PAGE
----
791 - Internet Protocol 1981/09/01

761 - DOD Standard Transmission Control Protocol 1980/01/01

739 - Assigned Numbers 1977/11/11

.... misc IEN:
IEN#1 - Issues in the Interconnection of Datagram Networks 1977/07/29
IEN#3 - Internet Meeting Notes 1977/08/15
IEN#5 - TCP Version 2 Specification 1977/03/
IEN#10 - Internet Broadcast Protocols 1977/03/07
IEN#11 - Internetting or Beyond NCP 1977/03/21
IEN#14 - Thoughts on Multi-net Control and Data Collection Factilities 1977/02/28


... and from IEN#16:

IEN # 16
Network Working Group Jon Postel
Request for Comments: 730 USC-ISI
NIC: 40400 20 May 1977

Section: 2.2.4.2 Extensible Field Addressing

Introduction

This memo discusses the need for and advantages of the expression of addresses in a network environment as a set of fields. The suggestion is that as the network grows the address can be extended by three techniques: adding fields on the left, adding fields on the right, and increasing the size of individual fields. Carl Sunshine has described this type of addressing in a paper on source routing [1].

Motivation

Change in the Host-IMP Interface

The revised Host-IMP interface provides for a larger address space for hosts and IMPs [2]. The old inteface allowed for a 2 bit host field and a 6 bit IMP field. The new interface allows a 8 bit host field and a 16 bit IMP field. In using the old interface it was common practice to treat the two fields as a single eight bit quantity. When it was necessary to refer to a host by number a decimal number was often used. For example host 1 on IMP 1 was called host 65. Doug Wells has pointed out some of problems associated with attempting to continue such useage as the new interface comes into use [3]. If a per field notation had been used no problems would arise.

Some examples of old and new host numbers are:
  Host Name       Host IMP old #   new #
  --------------------------------------
  SRI-ARC            0   2     2       2
  UCLA-CCN           1   1    65   65537
  ISIA               1  22    86   65558
  ARPA-TIP           2  28   156  131100
  BBNA               3   5   197  196613
Multinetwork Systems

The prospect of interconnections of networks to form a complex multinetwork system poses additional addressing problems. The new Host-IMP interface specification has reserved fields in the leader to carry network addresses [2]. There is experimental work in progress on interconnecting networks [4, 5, 6]. We should be prepared for these extensions to the address space.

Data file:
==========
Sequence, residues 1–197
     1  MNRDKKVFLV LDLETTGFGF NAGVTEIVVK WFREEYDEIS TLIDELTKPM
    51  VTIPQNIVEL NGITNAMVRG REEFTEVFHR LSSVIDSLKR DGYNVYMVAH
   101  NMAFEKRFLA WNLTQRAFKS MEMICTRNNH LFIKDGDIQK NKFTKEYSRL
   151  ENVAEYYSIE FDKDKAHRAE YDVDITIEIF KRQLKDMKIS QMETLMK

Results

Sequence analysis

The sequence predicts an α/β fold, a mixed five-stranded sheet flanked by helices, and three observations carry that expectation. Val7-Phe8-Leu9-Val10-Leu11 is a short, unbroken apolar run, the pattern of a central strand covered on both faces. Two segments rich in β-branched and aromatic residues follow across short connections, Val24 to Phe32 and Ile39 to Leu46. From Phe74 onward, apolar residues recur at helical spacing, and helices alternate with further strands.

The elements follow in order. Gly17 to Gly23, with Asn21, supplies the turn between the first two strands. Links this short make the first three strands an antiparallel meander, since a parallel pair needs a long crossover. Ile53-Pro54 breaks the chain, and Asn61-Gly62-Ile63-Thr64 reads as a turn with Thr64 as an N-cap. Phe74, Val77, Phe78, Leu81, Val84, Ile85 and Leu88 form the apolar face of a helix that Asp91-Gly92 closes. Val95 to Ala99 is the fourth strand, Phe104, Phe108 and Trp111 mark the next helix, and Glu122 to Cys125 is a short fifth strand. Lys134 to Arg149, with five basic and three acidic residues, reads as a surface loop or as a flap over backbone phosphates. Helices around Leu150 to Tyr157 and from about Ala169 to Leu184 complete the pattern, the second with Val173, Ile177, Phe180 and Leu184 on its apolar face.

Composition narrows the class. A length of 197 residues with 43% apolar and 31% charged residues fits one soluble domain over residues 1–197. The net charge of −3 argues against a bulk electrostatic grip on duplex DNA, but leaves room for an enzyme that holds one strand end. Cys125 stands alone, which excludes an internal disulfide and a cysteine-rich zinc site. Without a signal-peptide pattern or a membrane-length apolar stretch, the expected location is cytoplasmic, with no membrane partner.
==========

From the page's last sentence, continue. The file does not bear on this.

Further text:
The addressing scheme should be expandable to increase in scope when interconnections are made between complex systems.


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http://www.garlic.com/~lynn/

Internet and/or ARPANET?

From: Anne & Lynn Wheeler <lynn@garlic.com>
Subject: Re: Internet and/or ARPANET?
Newsgroups: alt.folklore.computers,comp.protocols.tcp-ip,alt.culture.internet,comp.org.ieee,alt.amateur-comp
Date: 07 Apr 1999 23:34:58 -0700
re: RFCs available ...

see the RFC index at http://www.garlic.com/~lynn/

many of the IENs are available as either IEN files or RFC files.

Anne & Lynn Wheeler | lynn@garlic.com, finger for pgp key
http://www.garlic.com/~lynn/

Internet and/or ARPANET?

Refed: **, - **, - **
From: Anne & Lynn Wheeler <lynn@garlic.com>
Subject: Re: Internet and/or ARPANET?
Newsgroups: alt.folklore.computers,comp.protocols.tcp-ip,alt.culture.internet,comp.org.ieee,alt.amateur-comp
Date: 08 Apr 1999 00:17:37 -0700
re: files

for some related information see rfc2555 just released today

files can be found at ftp.isi.edu ... rfcs in directory in-notes (which is where my rfc index points to retrieve the actual rfc). iens can be found in directory in-notes/ien. just checking ien-index.txt might be of some interest to see the IP evoluation from 77 to 82.

from ien111:

August 1979
IEN: 111
Replaces: IENs 80,
54, 44, 41, 28, 26

Internet Protocol Specification

1. INTRODUCTION

1.1. Motivation

The Internet Protocol is designed for use in interconnected systems of packet-switched computer communication networks. Such a system has been called a "catenet" [1]. The internet protocol provides for transmitting blocks of data called datagrams from sources to destinations, where sources and destinations are hosts identified by fixed length addresses. The internet protocol also provides for fragmentation and reassembly of long datagrams, if necessary, for transmission through "small packet" networks.

1.2. Scope

The internet protocol is specifically limited in scope to provide the functions necessary to deliver a package of bits (an internet datagram) from a source to a destination over an interconnected system of networks. There are no mechanisms to promote data reliability, flow control, sequencing, or other services commonly found in host-to-host protocols.

1.3. Interfaces

This protocol is called on by host-to-host protocols in an internet environment. This protocol calls on local network protocols to carry the internet datagram to the next gateway or destination host.